More than a few eyebrows were raised when it was announced that stand-up legend and comedy movies mainstay Chris Rock was going to be playing the lead role in the fourth season of Fargo. In an interview with Collider, series creator Noah Hawley explained why he cast Rock as Loy Cannon, the head of a crime family comprised of Black migrants fleeing the Jim Crow south

"I could say it was an intellectual process but the reality is that [Rock's] face was the face I saw when I thought of this story. I've learned, over my career, to trust my casting instincts. America is a nation of entrepreneurs. In a lot of ways, that's what the immigration experience is. People come to this country and, like Vanderbilt and Rockefeller, through sheer force of will, they figure out a way to build an empire and get rich."
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"With Chris, I felt like he has this self-made man identity. He has that great voice. It just felt right to me. And so, I talked to FX and I said, "I have an idea for Fargo and I wanna do it with Chris." There was no script. I pitched them what it was and they were excited. I met with Chris and he was excited. Chris came on board, and then four or five months later, there was a script. We jumped in early."

The fourth season of Fargo explores two criminal syndicates, one led by Rock's Loy Cannon, and the other led by the Italian Fadda family, as they jockey to control an alternate economy of exploitation, graft, and drugs. To keep war from breaking out, the heads of the crime families trade their youngest sons in an attempt to strike peace. According to Hawley, adding Rock with his unique perspective on the American success story allowed for the show to expand on its original themes from the Coen brothers movies that the series is based on.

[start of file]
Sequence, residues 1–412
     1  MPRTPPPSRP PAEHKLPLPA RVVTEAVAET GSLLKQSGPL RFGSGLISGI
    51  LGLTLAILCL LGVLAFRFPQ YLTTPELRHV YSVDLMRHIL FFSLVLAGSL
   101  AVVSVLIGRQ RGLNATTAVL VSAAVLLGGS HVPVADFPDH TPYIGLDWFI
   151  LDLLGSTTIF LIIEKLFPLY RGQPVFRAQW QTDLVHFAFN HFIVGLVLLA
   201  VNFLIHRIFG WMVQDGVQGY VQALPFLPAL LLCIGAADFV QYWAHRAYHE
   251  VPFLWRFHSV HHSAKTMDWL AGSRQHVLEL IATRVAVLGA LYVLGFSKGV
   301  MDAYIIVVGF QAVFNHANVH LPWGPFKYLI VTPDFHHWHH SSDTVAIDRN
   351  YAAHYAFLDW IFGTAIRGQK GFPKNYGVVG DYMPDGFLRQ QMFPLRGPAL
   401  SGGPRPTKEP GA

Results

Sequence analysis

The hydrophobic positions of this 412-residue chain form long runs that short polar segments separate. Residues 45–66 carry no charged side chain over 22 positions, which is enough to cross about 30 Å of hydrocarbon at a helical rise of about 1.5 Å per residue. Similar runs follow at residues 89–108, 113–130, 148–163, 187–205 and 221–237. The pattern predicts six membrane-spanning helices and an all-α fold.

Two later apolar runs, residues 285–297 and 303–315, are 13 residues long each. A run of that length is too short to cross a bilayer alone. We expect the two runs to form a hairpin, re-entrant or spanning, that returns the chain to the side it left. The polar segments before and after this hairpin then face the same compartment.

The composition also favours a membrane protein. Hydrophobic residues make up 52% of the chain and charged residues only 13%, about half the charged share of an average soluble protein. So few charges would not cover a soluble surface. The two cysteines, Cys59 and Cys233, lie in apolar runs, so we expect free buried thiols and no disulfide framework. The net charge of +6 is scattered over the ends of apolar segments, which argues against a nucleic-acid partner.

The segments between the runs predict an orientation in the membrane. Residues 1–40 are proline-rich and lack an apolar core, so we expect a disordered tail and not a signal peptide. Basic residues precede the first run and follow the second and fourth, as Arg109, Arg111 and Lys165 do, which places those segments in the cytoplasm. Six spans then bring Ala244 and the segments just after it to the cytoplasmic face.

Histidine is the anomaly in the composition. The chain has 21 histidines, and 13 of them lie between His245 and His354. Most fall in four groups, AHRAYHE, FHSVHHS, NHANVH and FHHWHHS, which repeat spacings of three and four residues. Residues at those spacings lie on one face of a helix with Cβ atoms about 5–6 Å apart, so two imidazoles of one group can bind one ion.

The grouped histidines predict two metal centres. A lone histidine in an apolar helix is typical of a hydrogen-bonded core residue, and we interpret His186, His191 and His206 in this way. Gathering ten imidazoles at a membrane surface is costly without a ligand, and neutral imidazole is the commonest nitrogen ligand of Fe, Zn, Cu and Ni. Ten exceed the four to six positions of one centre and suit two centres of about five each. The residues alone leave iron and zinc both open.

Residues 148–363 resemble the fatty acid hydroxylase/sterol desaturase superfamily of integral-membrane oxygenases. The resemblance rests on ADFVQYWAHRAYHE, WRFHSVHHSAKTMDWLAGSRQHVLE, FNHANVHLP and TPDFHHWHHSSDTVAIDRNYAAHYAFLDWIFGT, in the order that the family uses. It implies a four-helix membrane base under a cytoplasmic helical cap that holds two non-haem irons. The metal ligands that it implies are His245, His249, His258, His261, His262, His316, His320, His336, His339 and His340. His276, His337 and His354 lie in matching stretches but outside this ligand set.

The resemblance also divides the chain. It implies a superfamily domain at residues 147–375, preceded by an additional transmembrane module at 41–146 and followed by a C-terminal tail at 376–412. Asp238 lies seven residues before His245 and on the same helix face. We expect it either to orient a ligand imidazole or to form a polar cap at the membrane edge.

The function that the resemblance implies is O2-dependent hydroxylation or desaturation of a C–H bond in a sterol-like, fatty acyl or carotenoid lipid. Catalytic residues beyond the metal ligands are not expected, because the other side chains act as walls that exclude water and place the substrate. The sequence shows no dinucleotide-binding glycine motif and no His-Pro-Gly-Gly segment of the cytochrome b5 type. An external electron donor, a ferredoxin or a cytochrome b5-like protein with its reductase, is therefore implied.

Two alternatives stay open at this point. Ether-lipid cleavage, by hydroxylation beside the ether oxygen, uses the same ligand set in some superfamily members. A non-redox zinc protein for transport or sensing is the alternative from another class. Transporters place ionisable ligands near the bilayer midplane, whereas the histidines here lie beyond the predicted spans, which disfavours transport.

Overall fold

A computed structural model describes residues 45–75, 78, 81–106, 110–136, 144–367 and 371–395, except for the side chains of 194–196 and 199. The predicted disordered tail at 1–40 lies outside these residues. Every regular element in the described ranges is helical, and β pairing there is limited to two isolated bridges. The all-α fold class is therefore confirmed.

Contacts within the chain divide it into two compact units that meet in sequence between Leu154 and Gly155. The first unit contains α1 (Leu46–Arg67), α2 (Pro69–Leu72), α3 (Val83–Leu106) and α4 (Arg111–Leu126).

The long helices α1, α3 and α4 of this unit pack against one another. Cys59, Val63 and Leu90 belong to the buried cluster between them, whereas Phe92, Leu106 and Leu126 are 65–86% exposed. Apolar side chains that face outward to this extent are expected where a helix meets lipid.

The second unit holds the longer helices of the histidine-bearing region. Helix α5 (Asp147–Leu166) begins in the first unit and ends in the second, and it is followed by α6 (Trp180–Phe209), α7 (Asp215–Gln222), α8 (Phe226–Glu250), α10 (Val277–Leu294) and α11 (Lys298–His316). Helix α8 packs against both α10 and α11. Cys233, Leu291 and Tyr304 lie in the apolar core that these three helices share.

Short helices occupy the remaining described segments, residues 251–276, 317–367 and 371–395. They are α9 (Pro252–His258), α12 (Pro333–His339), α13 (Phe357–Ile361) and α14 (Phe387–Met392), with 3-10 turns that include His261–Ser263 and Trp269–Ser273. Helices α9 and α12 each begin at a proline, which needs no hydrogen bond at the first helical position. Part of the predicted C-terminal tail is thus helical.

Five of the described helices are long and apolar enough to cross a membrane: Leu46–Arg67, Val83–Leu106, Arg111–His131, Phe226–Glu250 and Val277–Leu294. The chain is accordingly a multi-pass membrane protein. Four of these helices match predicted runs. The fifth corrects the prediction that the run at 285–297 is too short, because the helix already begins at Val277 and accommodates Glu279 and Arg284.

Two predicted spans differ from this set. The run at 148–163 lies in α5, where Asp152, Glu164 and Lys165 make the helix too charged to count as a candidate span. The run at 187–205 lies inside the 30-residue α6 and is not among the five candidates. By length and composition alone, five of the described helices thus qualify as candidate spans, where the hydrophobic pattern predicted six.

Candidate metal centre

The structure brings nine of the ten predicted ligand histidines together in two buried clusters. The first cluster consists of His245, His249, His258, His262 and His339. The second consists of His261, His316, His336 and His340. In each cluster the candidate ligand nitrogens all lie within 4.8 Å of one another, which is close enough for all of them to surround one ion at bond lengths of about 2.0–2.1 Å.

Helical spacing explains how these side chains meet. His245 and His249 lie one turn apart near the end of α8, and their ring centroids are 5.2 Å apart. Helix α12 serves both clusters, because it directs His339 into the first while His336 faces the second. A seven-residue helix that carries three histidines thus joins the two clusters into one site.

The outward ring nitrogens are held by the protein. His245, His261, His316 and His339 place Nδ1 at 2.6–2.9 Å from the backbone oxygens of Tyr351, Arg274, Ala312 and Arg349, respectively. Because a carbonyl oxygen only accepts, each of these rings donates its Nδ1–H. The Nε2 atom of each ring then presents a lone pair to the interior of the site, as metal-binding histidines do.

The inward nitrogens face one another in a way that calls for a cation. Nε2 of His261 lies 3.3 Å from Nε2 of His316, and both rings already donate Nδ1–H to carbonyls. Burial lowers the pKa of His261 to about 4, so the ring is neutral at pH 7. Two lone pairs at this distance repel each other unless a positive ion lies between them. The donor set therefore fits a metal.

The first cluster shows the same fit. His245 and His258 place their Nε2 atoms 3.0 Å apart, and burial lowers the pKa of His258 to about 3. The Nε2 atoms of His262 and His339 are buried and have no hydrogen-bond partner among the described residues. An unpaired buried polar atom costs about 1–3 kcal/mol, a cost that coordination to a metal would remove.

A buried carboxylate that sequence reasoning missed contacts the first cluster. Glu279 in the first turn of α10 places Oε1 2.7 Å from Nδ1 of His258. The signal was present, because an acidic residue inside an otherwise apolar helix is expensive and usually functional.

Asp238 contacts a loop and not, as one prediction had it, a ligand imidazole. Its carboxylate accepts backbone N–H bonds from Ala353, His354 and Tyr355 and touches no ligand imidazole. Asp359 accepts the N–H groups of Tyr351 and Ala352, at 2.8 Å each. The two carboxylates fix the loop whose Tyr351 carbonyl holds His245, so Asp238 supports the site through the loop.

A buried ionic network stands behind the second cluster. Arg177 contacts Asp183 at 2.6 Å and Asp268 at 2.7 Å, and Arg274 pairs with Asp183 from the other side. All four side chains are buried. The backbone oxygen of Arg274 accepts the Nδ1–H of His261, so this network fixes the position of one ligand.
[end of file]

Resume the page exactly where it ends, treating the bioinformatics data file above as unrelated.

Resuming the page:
"There are a lot of experiences in this story that are not my experiences. It would be arrogant of me to think that I have better ideas of what it's really like to be Loy Cannon in 1950. What was exciting was to expand the Coen sensibility to characters that you haven't seen in Coen brothers movies before and to say, "What is the tone of the Coen brothers voice in the African-American experience, and the Italian immigrant experience?" You saw some of that in Miller's Crossing. That's the fun of it. To be able to talk about humor with Chris, a big part of Fargo and the Coen brothers' tone of voice is rooted in a very Jewish, Kafkaesque state of mind. It's a comedy that's rooted in suffering, and that feels like it applies to these stories. To explore that is really exciting. I don't know about every other writer but I don't want to do the same thing over and over again. I get really excited when it's like, "Oh, I've never thought of that," and there are new things that you can explore. So, we've had a great collaboration."

Featuring Chris Rock, Jason Schwartzman, Jessie Buckley, Salvatore Esposito, Gaetano Bruno, Ben Whishaw, Andrew Bird, Anji White, E'myri Crutchfield, Timothy Olyphant, and Jack Huston, the fourth season of Fargo premiered Sept. 27 at 9 p.m. ET/PT on FX. This news was first published over at Collider.

Neeraj Chand